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  • Learning Resources for Software Engineering Students ยป

    Introduction to Static Analysis

    Author: Xiao Pu

    Overview

    Static analysis is the process of analysing computer programme without executing the code. This practice is often used to ensure that codes follow certain structures or standards (e.g coding standards).

    It is possible to do static analysis manually, but there are automated tools(static analysers) that can assist developers in this process.

    Why Static Analysis?

    Analyse Thoroughly

    In some situations, it is impossible to achieve 100% test coverage. There will be some sections in the code that are not covered by test cases, which may result in bugs (see how static analysis will help you find bugs). In static analysis, all the related files/codes will be analysed.

    Find Potential Bugs Early

    Static analysis can find bugs before the execution. For example, some programmers may forget to add break statement in switch statement.

    switch(colour) {
    case 'blue':
    	value = 1;
    case 'green':
    	value = 2;
    }
    

    Static analysis tools will automatically alert the programmers about the potential problems/bugs.

    Enforce a Standard in Project

    Many projects enforce certain coding standards. For example, some project require the following format for if statement.

    if (condition) {
    	// true
    } else {
    	// false
    }
    

    While others enforce the following standard:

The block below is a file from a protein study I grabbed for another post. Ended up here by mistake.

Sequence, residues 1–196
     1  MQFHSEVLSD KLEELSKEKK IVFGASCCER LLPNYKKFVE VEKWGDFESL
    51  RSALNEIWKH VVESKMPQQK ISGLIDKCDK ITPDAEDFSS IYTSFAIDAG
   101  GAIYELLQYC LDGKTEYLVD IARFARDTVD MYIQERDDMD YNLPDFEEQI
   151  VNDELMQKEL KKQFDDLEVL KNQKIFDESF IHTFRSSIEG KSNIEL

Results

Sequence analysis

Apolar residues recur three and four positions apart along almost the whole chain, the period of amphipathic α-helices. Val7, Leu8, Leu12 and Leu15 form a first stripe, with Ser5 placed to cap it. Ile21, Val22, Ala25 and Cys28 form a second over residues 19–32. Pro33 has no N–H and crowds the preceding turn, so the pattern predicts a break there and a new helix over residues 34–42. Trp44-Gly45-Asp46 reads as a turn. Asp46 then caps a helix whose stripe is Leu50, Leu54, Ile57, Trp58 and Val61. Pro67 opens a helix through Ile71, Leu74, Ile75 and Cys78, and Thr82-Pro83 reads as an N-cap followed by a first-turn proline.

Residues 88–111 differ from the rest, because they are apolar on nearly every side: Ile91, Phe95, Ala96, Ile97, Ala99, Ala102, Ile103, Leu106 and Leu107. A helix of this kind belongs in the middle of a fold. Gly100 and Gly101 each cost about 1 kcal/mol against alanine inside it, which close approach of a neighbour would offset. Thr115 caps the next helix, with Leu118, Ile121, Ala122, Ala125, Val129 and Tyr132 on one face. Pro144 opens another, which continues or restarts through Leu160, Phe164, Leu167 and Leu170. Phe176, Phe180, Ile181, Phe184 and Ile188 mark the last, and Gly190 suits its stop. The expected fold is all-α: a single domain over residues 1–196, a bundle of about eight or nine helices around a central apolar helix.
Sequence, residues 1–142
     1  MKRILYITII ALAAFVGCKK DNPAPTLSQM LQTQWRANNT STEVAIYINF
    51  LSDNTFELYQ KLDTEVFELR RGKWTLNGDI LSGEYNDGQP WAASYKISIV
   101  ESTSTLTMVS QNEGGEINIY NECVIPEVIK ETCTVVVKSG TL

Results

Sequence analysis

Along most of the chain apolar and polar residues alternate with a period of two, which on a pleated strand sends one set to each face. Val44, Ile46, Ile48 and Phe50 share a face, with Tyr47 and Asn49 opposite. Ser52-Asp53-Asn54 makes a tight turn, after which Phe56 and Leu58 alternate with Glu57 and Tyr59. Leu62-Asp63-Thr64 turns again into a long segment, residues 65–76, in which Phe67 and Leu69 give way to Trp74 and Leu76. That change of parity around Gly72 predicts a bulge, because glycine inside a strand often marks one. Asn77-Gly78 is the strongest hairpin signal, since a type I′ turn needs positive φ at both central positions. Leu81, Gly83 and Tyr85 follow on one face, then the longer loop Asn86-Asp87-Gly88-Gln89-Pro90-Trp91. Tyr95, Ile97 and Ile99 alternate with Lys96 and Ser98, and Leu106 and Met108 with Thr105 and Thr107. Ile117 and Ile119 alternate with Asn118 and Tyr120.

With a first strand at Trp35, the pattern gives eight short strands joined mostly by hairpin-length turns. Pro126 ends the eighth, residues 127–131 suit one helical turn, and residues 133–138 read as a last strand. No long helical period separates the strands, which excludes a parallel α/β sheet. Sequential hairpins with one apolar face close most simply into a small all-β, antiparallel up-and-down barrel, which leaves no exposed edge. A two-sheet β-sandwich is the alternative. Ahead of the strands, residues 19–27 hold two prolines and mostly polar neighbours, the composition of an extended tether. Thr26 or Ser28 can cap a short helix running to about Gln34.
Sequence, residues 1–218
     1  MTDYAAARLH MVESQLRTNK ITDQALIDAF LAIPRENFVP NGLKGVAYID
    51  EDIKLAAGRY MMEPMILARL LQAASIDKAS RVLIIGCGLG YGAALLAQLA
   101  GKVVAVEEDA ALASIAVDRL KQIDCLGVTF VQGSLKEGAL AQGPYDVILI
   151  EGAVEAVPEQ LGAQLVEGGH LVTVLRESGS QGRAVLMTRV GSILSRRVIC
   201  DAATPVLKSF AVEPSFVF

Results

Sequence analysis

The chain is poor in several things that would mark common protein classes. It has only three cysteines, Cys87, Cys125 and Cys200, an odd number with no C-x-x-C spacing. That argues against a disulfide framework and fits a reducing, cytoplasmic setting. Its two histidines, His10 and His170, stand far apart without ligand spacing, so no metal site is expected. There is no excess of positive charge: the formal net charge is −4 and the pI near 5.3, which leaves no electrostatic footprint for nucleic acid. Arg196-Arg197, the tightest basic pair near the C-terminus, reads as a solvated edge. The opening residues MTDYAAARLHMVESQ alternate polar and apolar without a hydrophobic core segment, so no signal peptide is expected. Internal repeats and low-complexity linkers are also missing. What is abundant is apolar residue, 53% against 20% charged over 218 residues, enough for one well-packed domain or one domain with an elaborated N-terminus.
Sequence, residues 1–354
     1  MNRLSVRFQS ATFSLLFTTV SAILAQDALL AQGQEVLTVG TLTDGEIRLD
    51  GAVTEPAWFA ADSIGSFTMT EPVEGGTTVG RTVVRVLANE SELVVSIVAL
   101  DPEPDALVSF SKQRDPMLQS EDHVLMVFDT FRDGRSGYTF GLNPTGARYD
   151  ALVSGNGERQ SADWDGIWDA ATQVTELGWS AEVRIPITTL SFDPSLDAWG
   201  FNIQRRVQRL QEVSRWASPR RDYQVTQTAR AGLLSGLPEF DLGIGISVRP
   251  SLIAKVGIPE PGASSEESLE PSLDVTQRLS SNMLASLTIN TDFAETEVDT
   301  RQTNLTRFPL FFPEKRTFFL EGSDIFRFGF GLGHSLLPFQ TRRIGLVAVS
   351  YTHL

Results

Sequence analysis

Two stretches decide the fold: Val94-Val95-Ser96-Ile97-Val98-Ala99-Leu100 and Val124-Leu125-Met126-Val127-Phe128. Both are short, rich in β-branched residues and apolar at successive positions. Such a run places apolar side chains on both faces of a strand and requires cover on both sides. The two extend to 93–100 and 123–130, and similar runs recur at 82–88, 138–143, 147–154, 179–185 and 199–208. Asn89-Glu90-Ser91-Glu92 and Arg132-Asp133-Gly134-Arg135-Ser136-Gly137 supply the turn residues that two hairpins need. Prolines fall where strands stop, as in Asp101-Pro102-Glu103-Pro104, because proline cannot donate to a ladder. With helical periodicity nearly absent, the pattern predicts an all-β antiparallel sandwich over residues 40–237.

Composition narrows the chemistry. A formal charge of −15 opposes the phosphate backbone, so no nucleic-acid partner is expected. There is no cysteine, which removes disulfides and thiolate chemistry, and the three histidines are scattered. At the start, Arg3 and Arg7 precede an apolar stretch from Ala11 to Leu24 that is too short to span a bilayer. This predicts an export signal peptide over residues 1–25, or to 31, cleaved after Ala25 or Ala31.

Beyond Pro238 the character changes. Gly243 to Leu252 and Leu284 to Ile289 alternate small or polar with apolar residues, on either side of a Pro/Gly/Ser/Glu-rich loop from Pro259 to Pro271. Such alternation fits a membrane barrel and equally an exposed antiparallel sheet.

if (condition) {
    	// true
    }
    else {
    	// false
    }
    

    Such standards can be configured in static analysis tools and the tools will help you enforce the standards.

    Improve Code Quality

    Static analysis will pick up common pitfalls in coding and suggest changes to help you improve your code quality. For example, for the following Java code:

    if (isConditionTrue()) {
    	return true;
    } else {
    	return false;
    }
    

    Majority of static analysis tools will point out that this can be simplified to:

    return isConditionTrue();
    

    Limitation of Static Analysis

    False positives

    Since static analysis tools only recognize patterns, there might be false positives introduced.

    try {
    	// logic part
    } catch (Throwable t) {
    	// alert user
    }
    

    For example, the above code will catch any Throwable object and alert users that a fatal error has occurred in the system. In many static analysis tools, catching Throwable is regarded as a bad practice and thus the tools will prompt the error to developers. However, in this case, we want to provide a friendly alert for system crash instead of showing an ugly stack track. It is acceptable to catch Throwable and thus the violation detected by static analysis tools is a false positive.

    Solution: Many static analysis tools provide ways to suppress the warnings. For example, in PMD (a static analysis tool), @SuppressWarnings annotation can be used. In this case,

    @SuppressWarnings("PMD.AvoidCatchingThrowable") // used as fallback
    

    is the correct way to suppress warnings.

    Cannot Catch Error Introduced in Runtime Environment

    Since static analysis is done without executing the programme. Some vulnerabilities that are introduced in the runtime cannot be caught. Thus, you should not merely depend on static analysis tools to find bugs. Comprehensive test cases are also needed to verify the functionalities in logic, UI and etc.

    How to Do Static Analysis (Static Analysis Tools)

    There are several static analysis tools that can be used to assist the process.

    Here, we will introduce several well-known ones in detail. You can click the hyperlinks to look through them. We organised them by languages.

    References